Unfortunately, there’d been a bit of a mix up with the delivery of the new kit. For the first match, the kids played in their existing sports kit, whilst someone went to locate the new kit, which then led to a snappy change for all the players before their second game. They looked very smart on the pitch after this, and had photos taken with the Australian Ambassador to commemorate the occasion.
The sun was out after the first match and the team was thirsty, but there was no water provided for them. In wonderful St Yared’s compassionate fashion, all of our students in the crowd gave their own water bottles that they’d brought with them to the team without a moment’s hesitation. It also turned out that none of the students had had any breakfast – on week days they are fed at school, but as they live in such extreme poverty, often there’s not enough food to go round their families at the weekend. After putting 100% into their first game, they really needed some sustenance to be able to have a fair go at the rest of the tournament. The tournament organisers were going to provide the team with lunch, but it was very clear that the kids needed water and food immediately.
Before the next game, I went out of the stadium with Miss Hirut, the Head of Primary, to find some street hawkers who had water and little ‘glucose’ biscuits (the only food available) that we could buy for the kids. As we shared the snacks, I was again overwhelmed by the students’ compassion and generosity – they offered each other biscuits before taking for themselves, and offered staff biscuits too. They always think about others despite how hungry or tired they might be themselves which is truly humbling and again a sign of what an incredible impact the school has on their lives.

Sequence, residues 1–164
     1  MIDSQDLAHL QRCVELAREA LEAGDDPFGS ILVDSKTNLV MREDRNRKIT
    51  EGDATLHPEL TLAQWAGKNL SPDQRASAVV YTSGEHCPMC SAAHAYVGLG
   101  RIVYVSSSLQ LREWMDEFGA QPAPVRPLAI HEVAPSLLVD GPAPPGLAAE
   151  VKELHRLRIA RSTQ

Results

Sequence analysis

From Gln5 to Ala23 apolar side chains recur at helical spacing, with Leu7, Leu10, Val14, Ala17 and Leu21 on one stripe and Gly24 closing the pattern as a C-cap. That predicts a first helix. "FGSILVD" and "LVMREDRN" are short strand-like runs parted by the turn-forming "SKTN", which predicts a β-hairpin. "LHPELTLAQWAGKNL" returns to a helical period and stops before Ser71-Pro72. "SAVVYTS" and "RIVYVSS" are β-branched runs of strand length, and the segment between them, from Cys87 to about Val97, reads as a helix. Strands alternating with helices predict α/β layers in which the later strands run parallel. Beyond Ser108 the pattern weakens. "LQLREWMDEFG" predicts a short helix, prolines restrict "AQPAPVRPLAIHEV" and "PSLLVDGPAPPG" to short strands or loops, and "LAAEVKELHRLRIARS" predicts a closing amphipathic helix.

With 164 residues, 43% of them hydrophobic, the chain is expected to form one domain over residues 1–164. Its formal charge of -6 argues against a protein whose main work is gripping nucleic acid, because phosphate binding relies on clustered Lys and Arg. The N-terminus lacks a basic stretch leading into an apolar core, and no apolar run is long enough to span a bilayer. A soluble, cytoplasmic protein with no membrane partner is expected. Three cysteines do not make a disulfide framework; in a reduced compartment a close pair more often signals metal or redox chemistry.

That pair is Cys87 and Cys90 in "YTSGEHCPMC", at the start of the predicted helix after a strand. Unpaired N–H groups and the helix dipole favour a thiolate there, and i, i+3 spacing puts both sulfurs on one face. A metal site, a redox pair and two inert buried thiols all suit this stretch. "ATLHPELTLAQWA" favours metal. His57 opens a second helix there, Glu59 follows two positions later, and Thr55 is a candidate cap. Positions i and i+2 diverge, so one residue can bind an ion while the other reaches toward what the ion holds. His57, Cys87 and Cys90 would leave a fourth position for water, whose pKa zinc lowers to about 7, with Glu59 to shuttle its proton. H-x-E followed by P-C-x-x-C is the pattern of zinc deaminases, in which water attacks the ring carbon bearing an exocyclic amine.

Our team played brilliantly for all four matches, their defense was strong and their plucky ball skills extremely impressive. The players in the other teams were often much larger physically, not that they let this stop them putting on a really good fight. Ultimately, we didn’t manage to convert our passion into many goals on the pitch, but our crowds’ support blew everyone else out of the water!
We didn’t make it through to the semi finals, but I would have loved to know how the students would have celebrated if we did. After our last match, the kids started dancing and cheering, forming at one point a massive conga line, and at another, inviting Yared to dance with them – a source of great excitement indeed! Such jumping, laughing, happy celebrations were had!
It was such a privilege to be able to share the moment with them. It was a fantastic show of collaboration too between the various European embassies (and Australia) to put on a truly wonderful event for the students. I am sure it is something that they will remember forever, and may well have a huge influence over their future. Looking around the stadium before we left, it struck me that Ethiopia’s future football team will probably include some of the players who took part in the day.